3 Health and Safety Tips to Use Before the Kids' First Class

NEW YORK (TheStreet) — Parents may be busy loading backpacks and buying computer supplies and clothing for their kids heading back to school, but there are even more important things mom and dad should be concerned about: a health and safety checklist that helps ensure their child’s excursion back into the classroom is safe and happy.

Children’s Hospital of Los Angeles has a checklist of health and safety moves parents should make before their kids hit the schoolyard. Here’s a snapshot of the CHLA list:

Get vaccinated. The experts at CHLA say vaccinations are “the key to your child’s health” and can vastly reduce the odds of serious illnesses such as whooping cough, measles and chickenpox (the first two of which are on the rise, the hospital reports). “Although these diseases are vaccine-preventable, they continue to circulate worldwide and cause infections in un-immunized children here in the United States,” says Jeffrey Bender, a CHLA disease specialist. “It is very important that children receive and update their vaccines for the well-being of themselves and others.”

Sports concussion checkup. Visit a health care provider staffed with a sports injury specialist to conduct a baseline concussion evaluation at the beginning of each school sports season. “Concussion evaluations are invaluable in that they allow for an educative opportunity for both the athlete and family involved. Information on concussion recognition, safe return to school and play, tips on recovery, warning signs for emergent care and future risk factors can all be addressed in this setting,” says Bianca Edison, an attending physician at CHLA.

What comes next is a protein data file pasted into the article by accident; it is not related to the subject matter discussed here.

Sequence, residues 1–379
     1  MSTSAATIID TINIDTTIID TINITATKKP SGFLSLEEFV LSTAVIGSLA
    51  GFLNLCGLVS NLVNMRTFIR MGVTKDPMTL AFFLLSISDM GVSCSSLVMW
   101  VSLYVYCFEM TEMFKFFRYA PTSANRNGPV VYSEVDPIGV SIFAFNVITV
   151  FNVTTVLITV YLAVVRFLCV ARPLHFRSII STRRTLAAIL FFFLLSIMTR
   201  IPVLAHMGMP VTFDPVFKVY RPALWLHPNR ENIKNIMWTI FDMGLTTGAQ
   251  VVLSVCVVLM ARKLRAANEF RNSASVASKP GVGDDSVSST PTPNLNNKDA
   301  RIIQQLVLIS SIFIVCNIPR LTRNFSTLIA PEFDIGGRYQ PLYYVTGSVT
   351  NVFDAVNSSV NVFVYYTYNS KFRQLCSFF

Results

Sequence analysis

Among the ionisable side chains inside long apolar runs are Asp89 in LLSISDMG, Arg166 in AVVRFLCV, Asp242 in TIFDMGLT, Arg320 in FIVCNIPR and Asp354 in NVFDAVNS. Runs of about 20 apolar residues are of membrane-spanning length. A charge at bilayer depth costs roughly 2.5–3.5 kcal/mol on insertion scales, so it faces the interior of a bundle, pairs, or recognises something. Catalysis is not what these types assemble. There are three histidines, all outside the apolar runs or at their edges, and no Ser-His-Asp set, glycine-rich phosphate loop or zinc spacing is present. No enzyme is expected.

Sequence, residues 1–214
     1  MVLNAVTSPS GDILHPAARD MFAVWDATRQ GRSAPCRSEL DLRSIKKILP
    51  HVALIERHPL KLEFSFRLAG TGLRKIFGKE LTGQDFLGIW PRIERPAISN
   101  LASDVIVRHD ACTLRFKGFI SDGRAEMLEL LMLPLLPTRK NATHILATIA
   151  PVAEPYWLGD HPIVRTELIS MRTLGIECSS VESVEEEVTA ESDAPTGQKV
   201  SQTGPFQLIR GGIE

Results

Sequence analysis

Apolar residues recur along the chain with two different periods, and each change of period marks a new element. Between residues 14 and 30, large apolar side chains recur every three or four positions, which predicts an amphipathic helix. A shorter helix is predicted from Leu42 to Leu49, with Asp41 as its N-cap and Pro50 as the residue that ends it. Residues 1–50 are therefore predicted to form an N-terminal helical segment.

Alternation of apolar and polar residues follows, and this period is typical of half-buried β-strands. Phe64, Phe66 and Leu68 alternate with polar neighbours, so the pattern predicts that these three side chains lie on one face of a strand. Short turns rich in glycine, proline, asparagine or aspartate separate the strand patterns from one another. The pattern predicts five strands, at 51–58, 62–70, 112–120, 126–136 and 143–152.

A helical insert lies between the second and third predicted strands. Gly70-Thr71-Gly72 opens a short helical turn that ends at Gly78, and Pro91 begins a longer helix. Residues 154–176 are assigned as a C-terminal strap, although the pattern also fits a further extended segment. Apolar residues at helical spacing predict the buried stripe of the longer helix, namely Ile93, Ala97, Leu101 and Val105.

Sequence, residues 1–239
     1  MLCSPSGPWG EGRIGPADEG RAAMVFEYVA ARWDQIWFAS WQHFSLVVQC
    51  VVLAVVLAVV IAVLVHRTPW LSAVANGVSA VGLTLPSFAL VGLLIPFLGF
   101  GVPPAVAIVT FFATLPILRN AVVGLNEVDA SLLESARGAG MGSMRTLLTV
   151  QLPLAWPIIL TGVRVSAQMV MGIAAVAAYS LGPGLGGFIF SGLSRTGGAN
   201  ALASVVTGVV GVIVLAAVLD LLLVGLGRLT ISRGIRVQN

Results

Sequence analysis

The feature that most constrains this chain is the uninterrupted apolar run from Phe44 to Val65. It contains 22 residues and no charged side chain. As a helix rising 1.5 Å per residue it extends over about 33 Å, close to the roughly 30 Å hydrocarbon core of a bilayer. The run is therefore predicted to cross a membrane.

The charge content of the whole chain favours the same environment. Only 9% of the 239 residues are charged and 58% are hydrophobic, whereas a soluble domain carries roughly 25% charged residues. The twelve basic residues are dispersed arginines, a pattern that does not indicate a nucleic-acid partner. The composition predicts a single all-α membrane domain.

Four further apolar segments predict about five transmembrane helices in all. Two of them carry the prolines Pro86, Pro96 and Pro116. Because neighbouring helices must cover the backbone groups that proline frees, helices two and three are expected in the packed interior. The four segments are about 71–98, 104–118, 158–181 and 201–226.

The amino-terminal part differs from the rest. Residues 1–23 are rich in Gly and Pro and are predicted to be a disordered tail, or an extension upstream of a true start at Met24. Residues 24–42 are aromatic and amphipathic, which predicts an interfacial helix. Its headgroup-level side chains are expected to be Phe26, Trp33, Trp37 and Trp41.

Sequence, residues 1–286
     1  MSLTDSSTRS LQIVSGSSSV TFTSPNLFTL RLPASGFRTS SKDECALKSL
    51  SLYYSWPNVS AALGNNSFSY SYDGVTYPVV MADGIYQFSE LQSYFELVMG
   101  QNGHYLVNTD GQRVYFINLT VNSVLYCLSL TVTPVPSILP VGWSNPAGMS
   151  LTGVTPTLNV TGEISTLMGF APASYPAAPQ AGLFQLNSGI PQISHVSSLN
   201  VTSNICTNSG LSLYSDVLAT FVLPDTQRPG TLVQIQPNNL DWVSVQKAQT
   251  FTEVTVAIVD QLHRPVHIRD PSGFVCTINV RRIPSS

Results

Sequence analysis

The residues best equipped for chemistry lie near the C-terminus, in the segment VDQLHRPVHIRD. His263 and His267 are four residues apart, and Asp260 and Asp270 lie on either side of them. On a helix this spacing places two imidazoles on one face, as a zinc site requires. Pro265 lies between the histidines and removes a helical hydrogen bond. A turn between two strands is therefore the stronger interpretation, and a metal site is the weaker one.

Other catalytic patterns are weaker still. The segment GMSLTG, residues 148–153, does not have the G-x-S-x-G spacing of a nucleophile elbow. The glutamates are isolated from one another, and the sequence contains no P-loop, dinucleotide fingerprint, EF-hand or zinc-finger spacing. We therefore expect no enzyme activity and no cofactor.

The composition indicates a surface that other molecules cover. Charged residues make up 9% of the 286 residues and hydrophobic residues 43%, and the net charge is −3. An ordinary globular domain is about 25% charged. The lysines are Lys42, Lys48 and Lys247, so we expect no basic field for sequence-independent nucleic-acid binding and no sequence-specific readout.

Ease the morning rush. Keeping kids (and the entire household) stress free can make the first part of the school day run more smoothly, CHLA's Karen Rogers says. She advises parents to establish a routine and make sure the kids follow that routine. It’s a good idea to post a morning “to do” list on the refrigerator or another heavily trafficked area in the house. It’s an even better idea to start the morning rush the night before, going through backpacks and making sure school documents are in order and ensuring a healthy lunch or snack is packed in the fridge and ready to go.

Parents should also get their kids practicing good hygiene. Going back to school means more interactions with other children, and that raises the risk of germs being transferred to your child. Schoolchildren should wash their hands before lunch and school break periods, when they will likely interact directly with other children. 

Finally, kids should have a safe route to school if they walk or bike, and parents should go over proper cellphone use so they’re used responsibly (including not using them when walking to school). 

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